[IMGCAP(1)]All professions have their heroes and their golden ages. For accountants, it might very well be Fra Luca Pacioli enunciating the principles of double-entry bookkeeping, or Col. Arthur Carter of the New York State Society of CPAs proudly telling the Senate that no one needed to audit auditors: “Our conscience” would take care of that.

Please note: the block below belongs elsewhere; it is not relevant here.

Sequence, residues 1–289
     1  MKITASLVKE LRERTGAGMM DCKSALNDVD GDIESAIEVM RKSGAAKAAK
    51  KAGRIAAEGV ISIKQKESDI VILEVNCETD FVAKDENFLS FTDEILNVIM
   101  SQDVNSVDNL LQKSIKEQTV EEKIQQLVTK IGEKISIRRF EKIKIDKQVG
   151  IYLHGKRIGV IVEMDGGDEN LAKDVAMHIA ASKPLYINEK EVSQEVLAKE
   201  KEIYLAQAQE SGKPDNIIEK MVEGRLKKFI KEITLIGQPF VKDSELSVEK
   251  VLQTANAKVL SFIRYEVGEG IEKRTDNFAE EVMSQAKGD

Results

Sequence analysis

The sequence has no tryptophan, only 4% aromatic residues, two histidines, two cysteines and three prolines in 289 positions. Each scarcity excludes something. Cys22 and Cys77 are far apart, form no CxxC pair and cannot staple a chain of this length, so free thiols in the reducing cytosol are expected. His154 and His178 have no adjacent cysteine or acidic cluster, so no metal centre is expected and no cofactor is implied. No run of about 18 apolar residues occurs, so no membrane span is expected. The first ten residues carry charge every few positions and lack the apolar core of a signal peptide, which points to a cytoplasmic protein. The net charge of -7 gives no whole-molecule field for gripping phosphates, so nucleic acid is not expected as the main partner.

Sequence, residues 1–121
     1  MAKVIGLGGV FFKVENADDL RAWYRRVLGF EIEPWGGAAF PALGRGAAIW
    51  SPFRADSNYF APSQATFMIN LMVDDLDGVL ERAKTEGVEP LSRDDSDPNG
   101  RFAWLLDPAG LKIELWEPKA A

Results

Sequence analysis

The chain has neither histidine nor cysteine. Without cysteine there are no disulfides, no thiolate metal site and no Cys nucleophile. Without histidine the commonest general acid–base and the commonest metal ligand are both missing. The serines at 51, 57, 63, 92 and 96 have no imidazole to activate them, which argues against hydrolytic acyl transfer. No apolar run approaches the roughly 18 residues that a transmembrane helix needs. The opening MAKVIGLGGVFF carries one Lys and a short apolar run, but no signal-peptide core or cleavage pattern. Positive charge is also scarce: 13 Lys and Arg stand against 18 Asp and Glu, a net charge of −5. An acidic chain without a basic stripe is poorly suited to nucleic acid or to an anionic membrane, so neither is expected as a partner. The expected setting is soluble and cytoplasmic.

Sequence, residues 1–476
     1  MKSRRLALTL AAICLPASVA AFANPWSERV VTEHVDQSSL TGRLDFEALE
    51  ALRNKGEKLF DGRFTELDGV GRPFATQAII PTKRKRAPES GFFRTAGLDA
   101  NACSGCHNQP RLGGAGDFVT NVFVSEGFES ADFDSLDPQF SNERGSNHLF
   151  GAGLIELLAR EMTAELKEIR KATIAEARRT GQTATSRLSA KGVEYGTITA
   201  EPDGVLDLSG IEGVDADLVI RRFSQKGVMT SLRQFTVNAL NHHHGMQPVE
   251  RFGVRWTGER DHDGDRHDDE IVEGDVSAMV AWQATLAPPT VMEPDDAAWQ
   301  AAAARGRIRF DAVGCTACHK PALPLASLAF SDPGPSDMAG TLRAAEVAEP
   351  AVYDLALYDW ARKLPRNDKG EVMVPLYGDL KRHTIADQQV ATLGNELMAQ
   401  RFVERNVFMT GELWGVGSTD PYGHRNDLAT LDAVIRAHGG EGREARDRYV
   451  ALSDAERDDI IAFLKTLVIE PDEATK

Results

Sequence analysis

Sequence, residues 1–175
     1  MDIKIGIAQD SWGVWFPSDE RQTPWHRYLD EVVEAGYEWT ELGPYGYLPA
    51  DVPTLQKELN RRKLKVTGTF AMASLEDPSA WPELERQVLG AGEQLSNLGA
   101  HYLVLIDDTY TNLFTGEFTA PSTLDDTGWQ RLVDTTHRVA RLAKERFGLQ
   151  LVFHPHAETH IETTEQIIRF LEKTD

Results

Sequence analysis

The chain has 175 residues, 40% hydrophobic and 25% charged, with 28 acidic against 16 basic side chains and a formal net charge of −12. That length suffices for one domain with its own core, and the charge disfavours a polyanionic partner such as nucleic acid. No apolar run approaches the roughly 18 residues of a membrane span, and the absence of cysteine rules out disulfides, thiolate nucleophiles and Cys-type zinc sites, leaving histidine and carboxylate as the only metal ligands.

That last was in 1933, during what many would consider one of accounting’s most heroic moments, when, with the economy broken and public trust in the markets at a shocking low, the profession stepped up to help underpin our financial system by attesting to the veracity of the information presented in corporate financial statements — a function the profession continues to fill almost a century later. That jibes with a fairly common historical narrative, which holds that the roots of current accounting and auditing lie in the need of international investors in the 19th century for reliable information about large-scale industrial endeavors, particularly railroads. Accountants rose to the challenge, the narrative continues, and that led to their being asked in the 1930s to attest to the pinnacle of corporate information, the public company financial statement.

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